Shortly after 65 Broadway's completion, the U.S. government forced the consolidation of all domestic commercial express-mail operations into a single government-operated agency, the Railway Express Agency, as part of the World War I effort. American Express was among the only express mail companies that survived the merger, retaining 40% of its stock. In February 1930, American Express's banking division announced plans to expand into the first floor of 65 Broadway. The travel department would downsize, occupying only a small part of the first floor rather than the entire floor; the Railway Express Agency, would move to the Helmsley Building. At the time, The New York Times described the move as "another step in the disappearance of the old-time express companies from the Wall Street district." The new bank opened that April. The branch was to have $15 million in deposits, as well as a wide range of services. J.& W. Seligman & Co. moved into the building's top three floors in 1940, occupying the space until 1974. Other tenants of 65 Broadway included Moody's Investors Service, and National Investors Corporation.
American Express announced in early 1974 that it would move to nearby 2 New York Plaza, a skyscraper which was then mostly unoccupied. The company planned to sell off 65 Broadway as part of this relocation. The American Bureau of Shipping bought the building in 1977, moving from a smaller location at 45 Broad Street. However, the Bureau only planned to occupy the 12th through 21st floors of 65 Broadway. Following the purchase of 65 Broadway, the building was renovated c. 1979. The modifications included the installation of a bronze rendering of a bald eagle that was then hoisted to the top of the building. The cost of the Bureau's acquisition of 65 Broadway was $5 million, including the cost of renovations. Due to increased business requirements, the Bureau soon outgrew the space at 65 Broadway and moved out during 1986.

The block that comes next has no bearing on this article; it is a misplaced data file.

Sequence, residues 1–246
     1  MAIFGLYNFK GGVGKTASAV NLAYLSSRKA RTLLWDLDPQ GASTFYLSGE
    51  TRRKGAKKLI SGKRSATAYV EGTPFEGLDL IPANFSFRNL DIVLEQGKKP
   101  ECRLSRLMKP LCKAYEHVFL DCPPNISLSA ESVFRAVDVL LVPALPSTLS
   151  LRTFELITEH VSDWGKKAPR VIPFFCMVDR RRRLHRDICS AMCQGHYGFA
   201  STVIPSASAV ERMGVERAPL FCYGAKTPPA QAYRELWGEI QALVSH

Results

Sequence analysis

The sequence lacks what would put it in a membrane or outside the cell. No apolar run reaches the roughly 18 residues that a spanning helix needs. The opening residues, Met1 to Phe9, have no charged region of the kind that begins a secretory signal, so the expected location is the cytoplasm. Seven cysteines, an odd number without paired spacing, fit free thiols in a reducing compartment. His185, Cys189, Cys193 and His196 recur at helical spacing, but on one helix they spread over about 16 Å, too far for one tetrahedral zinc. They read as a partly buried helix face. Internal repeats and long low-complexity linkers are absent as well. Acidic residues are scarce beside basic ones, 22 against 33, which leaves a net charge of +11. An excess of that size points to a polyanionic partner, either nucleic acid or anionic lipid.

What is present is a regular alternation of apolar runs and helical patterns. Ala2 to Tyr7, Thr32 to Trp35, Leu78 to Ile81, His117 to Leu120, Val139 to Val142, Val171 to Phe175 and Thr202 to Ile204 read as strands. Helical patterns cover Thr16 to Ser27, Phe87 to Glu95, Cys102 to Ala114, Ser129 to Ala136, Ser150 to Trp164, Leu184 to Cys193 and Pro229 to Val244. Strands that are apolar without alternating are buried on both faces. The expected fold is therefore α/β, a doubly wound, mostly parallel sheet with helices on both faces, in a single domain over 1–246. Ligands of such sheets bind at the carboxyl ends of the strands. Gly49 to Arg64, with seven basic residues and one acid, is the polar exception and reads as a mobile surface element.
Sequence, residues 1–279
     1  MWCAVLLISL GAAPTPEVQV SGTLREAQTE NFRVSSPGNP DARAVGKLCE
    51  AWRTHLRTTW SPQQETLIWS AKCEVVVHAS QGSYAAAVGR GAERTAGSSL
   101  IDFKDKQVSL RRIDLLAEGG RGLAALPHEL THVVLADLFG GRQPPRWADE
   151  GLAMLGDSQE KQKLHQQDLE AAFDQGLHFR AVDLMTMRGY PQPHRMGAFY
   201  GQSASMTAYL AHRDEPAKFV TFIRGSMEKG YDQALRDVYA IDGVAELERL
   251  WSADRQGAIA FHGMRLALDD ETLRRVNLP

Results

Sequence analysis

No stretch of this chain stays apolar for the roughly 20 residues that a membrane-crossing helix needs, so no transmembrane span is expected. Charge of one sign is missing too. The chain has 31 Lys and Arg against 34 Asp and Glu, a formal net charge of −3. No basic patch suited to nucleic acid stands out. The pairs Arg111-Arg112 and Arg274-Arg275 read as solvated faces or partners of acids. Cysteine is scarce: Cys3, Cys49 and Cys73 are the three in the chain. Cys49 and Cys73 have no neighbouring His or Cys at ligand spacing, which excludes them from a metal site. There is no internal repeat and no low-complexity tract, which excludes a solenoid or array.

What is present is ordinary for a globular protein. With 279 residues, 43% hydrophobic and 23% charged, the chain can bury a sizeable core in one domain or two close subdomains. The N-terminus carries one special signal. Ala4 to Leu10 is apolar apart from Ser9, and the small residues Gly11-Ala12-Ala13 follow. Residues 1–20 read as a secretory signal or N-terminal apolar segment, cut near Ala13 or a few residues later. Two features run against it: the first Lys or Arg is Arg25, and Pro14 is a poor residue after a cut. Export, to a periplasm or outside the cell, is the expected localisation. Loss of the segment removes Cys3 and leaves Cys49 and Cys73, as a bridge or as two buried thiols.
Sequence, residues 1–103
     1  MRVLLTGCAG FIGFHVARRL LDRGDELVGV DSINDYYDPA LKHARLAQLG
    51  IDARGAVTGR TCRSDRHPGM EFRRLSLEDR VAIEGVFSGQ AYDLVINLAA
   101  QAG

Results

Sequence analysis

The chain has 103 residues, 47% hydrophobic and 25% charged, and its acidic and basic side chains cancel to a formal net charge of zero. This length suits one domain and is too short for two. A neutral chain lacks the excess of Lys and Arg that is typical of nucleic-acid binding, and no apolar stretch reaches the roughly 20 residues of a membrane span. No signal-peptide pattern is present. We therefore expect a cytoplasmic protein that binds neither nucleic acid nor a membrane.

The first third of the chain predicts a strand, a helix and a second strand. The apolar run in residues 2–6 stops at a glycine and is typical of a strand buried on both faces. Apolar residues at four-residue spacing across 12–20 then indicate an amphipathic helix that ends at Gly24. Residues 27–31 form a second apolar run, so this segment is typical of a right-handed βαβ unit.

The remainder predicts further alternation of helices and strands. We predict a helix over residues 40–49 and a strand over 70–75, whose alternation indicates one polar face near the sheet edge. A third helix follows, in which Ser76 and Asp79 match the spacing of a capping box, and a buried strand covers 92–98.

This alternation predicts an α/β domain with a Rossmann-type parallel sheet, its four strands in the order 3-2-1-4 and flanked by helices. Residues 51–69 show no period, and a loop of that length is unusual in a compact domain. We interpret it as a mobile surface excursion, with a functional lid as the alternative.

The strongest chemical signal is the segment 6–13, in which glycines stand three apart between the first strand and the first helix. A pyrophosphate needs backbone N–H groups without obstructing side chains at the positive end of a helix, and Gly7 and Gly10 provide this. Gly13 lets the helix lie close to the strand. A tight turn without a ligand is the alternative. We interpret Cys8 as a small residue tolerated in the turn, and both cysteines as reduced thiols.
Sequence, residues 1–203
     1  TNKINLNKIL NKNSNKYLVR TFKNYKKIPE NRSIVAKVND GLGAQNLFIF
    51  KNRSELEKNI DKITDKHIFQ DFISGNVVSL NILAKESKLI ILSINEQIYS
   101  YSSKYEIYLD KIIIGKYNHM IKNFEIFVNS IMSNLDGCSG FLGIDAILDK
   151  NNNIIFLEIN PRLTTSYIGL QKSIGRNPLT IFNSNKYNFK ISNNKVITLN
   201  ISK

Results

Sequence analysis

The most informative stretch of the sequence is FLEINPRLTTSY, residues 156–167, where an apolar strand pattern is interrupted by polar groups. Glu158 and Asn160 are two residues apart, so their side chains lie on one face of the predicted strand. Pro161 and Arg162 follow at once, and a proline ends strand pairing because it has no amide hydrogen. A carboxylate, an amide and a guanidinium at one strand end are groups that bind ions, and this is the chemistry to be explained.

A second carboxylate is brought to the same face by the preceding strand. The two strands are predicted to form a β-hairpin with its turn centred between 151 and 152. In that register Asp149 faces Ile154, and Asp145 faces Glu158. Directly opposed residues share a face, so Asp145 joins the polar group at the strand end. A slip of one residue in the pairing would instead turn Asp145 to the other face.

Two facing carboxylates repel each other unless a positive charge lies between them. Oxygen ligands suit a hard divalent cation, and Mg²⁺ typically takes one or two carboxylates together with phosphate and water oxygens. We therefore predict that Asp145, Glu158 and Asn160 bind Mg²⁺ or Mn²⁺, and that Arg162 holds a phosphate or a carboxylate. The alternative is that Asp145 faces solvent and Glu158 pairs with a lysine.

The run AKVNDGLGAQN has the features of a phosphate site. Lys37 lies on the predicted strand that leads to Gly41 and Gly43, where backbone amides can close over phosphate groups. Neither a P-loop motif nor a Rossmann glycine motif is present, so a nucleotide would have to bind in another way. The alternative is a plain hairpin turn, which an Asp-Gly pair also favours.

By 1994, after 65 Broadway's then-owners defaulted on the building's mortgage, Aetna had purchased the building. At the time, 65 Broadway was occupied by J. J. Kenny, a subsidiary of McGraw-Hill (now Standard & Poor's). The same year, McGraw-Hill invoked a clause that allowed it to challenge a third-party offer to buy the building, and purchased 65 Broadway. Afterward, Standard & Poor's renamed the building for itself. Sometime later on, Joseph Chetrit's Chetrit Group and AM Property Group purchased 65 Broadway in a joint venture. Chetrit bought out AM Property's ownership stake in 2014, in exchange for selling a property stake in 80 and 90 Maiden Lane. In 2016, Chetrit hired RKF to lease out the office space at 65 Broadway, and in 2019, Chetrit signed a refinancing deal that valued the building at $152 million.